Having began his career on the streets of Swakopmund at the tender age of five, the sky was the limit for Razundara Tjikuzu who was once the highest paid Namibia sportsperson, with a monthly income of up to N$1m.
He was the first Namibian to play in the German Bundesliga. Today, Tjikuzu is not the same. There are no more fancy hotels, nor chauffeurs. The 70 000 fans who would pay to watch him play in stadiums have been replaced by 700 at the Sam Nujoma Stadium. Even the media that he once had sleepless nights avoiding, do not seem to notice him anymore.
At 33, Razy [as most fans call him] celebrates 16 years since he left for Europe as a teenager and vows to play until he is in his 40s like the great Paolo Maldini, Ryan Giggs and Roger Milla.
Tjikuzu remembers his debut like yesterday when he walked through the mighty gates of Wender Bremen as a 16-year-old in 1998; “It was against Stuttgart, Bradley Carnel was the only South African in that team. Current German and Bayern Munich captain was also making his debut. I was amongst great players like Marko Bada, Dieter Eilts, Bruno Labbadia, Frank Rost and many more. It was the game of my life.”
It had to be for a teenager who had just been spotted by former U/20 coaches, Eric Muinjo and Peter Uberjahn as a boy.
“I was 13 years old when I got my first call-up for the U/20. I had missed a tournament in South Africa, so I opted to feature for the U/17, that’s when a scout spotted me amongst great players like Silvester “Lollo” Goraseb, Johannes “Congo” Hindjou, Ricardo Mannetti and many others.” he recalls.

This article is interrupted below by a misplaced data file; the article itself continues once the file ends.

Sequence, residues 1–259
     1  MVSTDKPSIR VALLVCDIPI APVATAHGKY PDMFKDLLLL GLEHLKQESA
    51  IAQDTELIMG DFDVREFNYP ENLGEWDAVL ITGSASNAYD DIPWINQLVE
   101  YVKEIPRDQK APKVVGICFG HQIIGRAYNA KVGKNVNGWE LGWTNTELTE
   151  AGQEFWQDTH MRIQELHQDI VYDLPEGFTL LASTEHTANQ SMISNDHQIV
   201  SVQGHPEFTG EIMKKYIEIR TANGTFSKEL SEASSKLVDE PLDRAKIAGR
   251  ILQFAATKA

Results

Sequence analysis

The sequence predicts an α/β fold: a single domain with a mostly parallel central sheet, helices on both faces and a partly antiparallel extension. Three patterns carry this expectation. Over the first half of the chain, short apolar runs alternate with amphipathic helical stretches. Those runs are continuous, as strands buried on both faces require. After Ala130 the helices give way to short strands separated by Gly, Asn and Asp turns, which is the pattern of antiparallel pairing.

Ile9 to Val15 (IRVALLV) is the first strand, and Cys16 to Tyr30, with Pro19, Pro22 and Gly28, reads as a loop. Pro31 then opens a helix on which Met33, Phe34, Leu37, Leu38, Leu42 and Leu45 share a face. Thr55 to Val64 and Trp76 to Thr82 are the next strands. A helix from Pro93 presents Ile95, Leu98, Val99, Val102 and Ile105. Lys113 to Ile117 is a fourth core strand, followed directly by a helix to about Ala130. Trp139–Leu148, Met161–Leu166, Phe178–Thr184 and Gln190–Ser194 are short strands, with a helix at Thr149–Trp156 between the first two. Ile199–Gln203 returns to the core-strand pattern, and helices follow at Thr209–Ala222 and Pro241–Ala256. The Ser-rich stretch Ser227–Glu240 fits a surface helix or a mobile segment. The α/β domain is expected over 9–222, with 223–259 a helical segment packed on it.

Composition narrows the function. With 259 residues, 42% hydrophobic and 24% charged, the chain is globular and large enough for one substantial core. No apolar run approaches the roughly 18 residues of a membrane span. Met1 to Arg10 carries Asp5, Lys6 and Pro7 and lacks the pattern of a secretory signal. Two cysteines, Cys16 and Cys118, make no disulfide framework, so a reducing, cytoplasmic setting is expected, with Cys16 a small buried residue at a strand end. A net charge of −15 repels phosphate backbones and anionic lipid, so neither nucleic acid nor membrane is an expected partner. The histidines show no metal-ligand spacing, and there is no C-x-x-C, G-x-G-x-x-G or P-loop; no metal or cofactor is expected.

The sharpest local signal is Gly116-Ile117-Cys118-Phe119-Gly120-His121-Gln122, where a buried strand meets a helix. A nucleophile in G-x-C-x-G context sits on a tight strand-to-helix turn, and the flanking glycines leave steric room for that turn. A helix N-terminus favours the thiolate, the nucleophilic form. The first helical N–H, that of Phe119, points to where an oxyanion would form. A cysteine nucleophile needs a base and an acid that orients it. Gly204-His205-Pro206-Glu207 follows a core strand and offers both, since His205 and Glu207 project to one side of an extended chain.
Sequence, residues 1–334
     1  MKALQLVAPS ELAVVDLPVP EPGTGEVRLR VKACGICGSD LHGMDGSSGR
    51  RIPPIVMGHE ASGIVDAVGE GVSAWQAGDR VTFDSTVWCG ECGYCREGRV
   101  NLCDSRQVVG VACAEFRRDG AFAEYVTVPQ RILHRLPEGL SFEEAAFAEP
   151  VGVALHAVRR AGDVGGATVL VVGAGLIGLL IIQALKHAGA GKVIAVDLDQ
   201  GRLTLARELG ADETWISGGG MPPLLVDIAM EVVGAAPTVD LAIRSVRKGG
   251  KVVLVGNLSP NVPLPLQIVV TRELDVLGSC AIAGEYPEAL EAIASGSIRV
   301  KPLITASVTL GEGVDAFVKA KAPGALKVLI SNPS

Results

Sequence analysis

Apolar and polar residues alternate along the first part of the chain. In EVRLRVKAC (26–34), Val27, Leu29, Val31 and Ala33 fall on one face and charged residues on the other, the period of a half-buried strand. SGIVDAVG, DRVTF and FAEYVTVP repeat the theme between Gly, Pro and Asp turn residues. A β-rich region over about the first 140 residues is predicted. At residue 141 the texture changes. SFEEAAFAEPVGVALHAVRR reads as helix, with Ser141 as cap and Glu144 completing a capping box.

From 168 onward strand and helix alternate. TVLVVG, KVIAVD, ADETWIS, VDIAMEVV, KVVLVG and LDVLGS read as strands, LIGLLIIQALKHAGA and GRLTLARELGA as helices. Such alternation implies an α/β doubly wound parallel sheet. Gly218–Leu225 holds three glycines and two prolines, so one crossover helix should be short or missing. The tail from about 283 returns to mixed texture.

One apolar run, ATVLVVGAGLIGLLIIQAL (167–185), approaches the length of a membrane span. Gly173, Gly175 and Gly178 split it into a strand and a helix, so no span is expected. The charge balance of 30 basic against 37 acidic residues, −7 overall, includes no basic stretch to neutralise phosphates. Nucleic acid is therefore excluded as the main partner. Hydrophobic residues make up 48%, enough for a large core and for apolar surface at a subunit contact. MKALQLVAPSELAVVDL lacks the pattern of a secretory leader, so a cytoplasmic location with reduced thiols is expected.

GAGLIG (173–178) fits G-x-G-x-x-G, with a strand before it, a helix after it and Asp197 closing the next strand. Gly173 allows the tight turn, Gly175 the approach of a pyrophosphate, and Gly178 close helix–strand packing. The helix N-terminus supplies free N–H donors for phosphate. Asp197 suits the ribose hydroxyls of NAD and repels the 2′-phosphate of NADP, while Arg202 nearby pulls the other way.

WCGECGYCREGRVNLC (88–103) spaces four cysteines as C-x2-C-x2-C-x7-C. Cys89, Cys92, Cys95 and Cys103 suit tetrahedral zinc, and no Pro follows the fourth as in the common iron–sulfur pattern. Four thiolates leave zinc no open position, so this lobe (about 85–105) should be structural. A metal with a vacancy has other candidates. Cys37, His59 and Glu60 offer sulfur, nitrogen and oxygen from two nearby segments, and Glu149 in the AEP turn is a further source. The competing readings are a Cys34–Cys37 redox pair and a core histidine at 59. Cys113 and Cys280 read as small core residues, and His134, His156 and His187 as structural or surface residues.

Tjikuzu had to convince his parents to allow him to go to Germany. He would win the DFB-Pokal Cup in 1999 and the Bundesliga title before joining Hansa Rostock on a three-year deal in 2003.
To date, Tjikuzu is still very conversant in German having spent most of his life in Germany and Europe. However, he could not last with Hansa Rostock due to hostile media and thus moved to MSV Duisburg on a seasonal contract in 2005 for a year before going to Turkey for a new challenge.
“I soon signed a three-year deal with Çaykur Rizespor with the option of leaving if any bigger club sought after me. After four months, my mom passed away and my life took a different turn. I returned to Germany to clear up my mind and decide on my next move,” he narrates, adding, for two months, he did not play soccer, even though his previous club begged him to return to it and that it would increase his salary.
“I could not. I was too immersed in grief over my late mom, especially since I had spent most of my life in Europe without her. The idea of family hit me.”
He would terminate his contract for a N$7m offer at the İstanbul Büyükşehir Belediyespor in Turkey. After a season, he left to join Trabzonspor because it played in the UEFA Champions League. “My time at Trabzon was the worst moment of my career. That’s when I lost lots of money on lawyers, managers and agents.”
After losing his fortune, the footballer signed with another Turkish side, Diyarbakirspor, in 2010 but here, he only spent a few months before finally ending his journey in Turkey at Kasımpaşa S.K.
For a redeemed person, Tjikuzu admits to overspending and losing money to opportunists but insists he is still not broke. At one time, he had to force open a StreetHouse at 3am to buy shoes for his Namibian football friends; Congo, Lolo, et al.
He now plays for African Stars here at home, occasionally walks to the stadium and runs out of airtime but only possesses one thing—his talent. Even young footballers salute to the fact that he is a born footballer who makes the game appear easy.
“FIFA is currently busy working on getting me what’s due to me from Trabzonspor because my contract with the club only ended sometime this year but it has not paid me out since I left. Kasımpaşa S.K. also owes me a lot of money. So no, I am not broke. I can still buy a car in cash in any currency,” Tjikuzu concludes.